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ANSYS: Axisymmetry - Modelling of holes

  1. Dec 13, 2013 #1
    Hello all!

    I am curious. Sometimes I would like to do a trade study on a mechanical component; so in the interest of time, I think I would use 2D analysis techniques so that a) I can save time on the front end in the CAD package and b) save time on the analysis side of things. But I want to improve my limited skills.

    Imagine you have a body of revolution. Let's use a simple cylinder with a flange that has a uniform, equally spaced bolt pattern. For example, the image below (from web) which has a 2D cross-section looking (approximately) like the second image. The solid is not truly axisymmetric because of the hole, so I am wondering what kind of techniques, if any, we can use to try to simulate the hole?

    Once person suggested that I try to adjust the element properties in the vicinity of where the hole would be in the 2D model. Any thoughts on how to do this or if there are better ways to do this?

    Thanks,
    KC
     

    Attached Files:

  2. jcsd
  3. Dec 13, 2013 #2

    AlephZero

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    It depends what you want to get from the analysis. One approximate way is to pretend the hole is "smeared out" around the circumference, and just reduce Young's modulus and the material density in proportion to the amount of material that is missing. (Since this is approximate, there is no point in going into too much detail when doing it).

    Otherwise, you could make a 3-D model of a sector of the ring containing just one hole. You can then impose restraints on the "cut faces" of the sector to model the axisymmetric behaviour of the complete structure. Or, you can do a Fourier analysis of arbitrary forces appled to the complete object, use the sector model constrained in the corresponding way for each Fourier coefficient, and sum up the results. If your FE package can do this automatically, the option is probably called "cyclic symmetry" or something similar.

    This type of anaylsis is a standard way to model things like a turbine disk with a large number (e.g. > 100) of blades, each of which is a complicated 3D object. The model is just one blade and the coresponding pizza-slice of disk.

    Actually, you can extend this even further, to model sectors that are similar but not identical (for example, in a real turbine the vibration frequencies of each blade have a probability distribution around their nominal value, because of manufaturing tolerances etc, or there may be reasons why they are intentionally not made "as identical as possible"). But that is closer to "research" than than what is in commercial FE packages.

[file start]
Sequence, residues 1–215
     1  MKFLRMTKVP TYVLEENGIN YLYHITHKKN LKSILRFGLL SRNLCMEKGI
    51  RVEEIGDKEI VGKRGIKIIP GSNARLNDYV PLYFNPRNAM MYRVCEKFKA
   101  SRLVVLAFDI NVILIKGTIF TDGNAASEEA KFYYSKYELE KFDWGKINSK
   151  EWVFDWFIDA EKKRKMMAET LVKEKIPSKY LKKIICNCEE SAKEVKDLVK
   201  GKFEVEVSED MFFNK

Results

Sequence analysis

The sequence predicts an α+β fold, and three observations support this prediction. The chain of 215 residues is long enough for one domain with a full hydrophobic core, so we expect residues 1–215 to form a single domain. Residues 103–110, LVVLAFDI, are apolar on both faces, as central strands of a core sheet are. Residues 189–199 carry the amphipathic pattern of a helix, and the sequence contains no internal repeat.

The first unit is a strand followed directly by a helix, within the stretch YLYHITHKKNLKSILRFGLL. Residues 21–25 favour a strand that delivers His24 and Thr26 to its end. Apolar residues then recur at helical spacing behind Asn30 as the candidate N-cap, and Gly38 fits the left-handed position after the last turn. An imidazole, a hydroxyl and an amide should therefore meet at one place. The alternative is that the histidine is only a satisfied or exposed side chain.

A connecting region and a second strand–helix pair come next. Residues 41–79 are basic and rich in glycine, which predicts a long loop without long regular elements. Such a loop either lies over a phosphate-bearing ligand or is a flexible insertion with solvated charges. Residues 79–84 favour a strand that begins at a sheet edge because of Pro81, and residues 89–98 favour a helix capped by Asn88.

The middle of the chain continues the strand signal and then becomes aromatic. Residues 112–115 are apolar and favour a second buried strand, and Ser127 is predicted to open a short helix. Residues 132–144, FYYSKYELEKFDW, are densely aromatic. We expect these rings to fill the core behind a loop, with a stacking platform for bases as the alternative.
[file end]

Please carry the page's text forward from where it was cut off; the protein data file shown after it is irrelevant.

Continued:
4. Dec 15, 2013 #3
    Thanks for that AlephZero :smile:

    I think this it what my colleague was suggesting. Basically using different material properties in the vicinity of the hole. Actually, looking again at your response, I am not sure if that is what you are saying. I think you might be suggest reducing Young's modulus and density for the entire cross-section correct? Something like:

    [tex] E_{reduced} = \left(\frac{A_{XSECT} - A_{HOLE}}{A_{XSECT}}\right)E[/tex]

    where I was thinking of using the original, unreduced E everywhere but the hole. At the hole I would use

    [tex] E_{HOLE} = \left(\frac{A_{HOLE}}{A_{XSECT}}\right)E .[/tex]

    I am not sure that my way captures it any better or worse though. It migh be interesting to compare results from the two methods. And then compare those to the 3D model. I have an old copy of ANSYS student around. Perhaps an experiment is in order. :smile:


    This will be my next 'thing to learn.' Sectors make a lot of sense for the geometry that I am dealing with (i.e. turbofans). I hear a lot of '1-cup, 2-cup' talk and so I am interested to learn.

    This I will have to come back to as it is beyond by understanding at the moment. I'll tuck it away for when it starts to make sense.
     
  5. Dec 15, 2013 #4

    AlephZero

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    Everywhere except at the hole, you don't change E. Over the area of the hole, reduce it in proportion to the reduced amount of material, i.e. a factor of something like $$1 - \frac{n_h d_h}{2 \pi r}$$ where ##n_h## is the number of holes, ##d_h## is the hole diameter, and ##2 \pi r## is the circumference of the part at that radius. That's probably conservative because it sort of assumes the holes are square not round, but the whole thing is very approximate anyway.

    I would think that is the "standard" method now. The other approximations were useful when computers were less powerful though.
     
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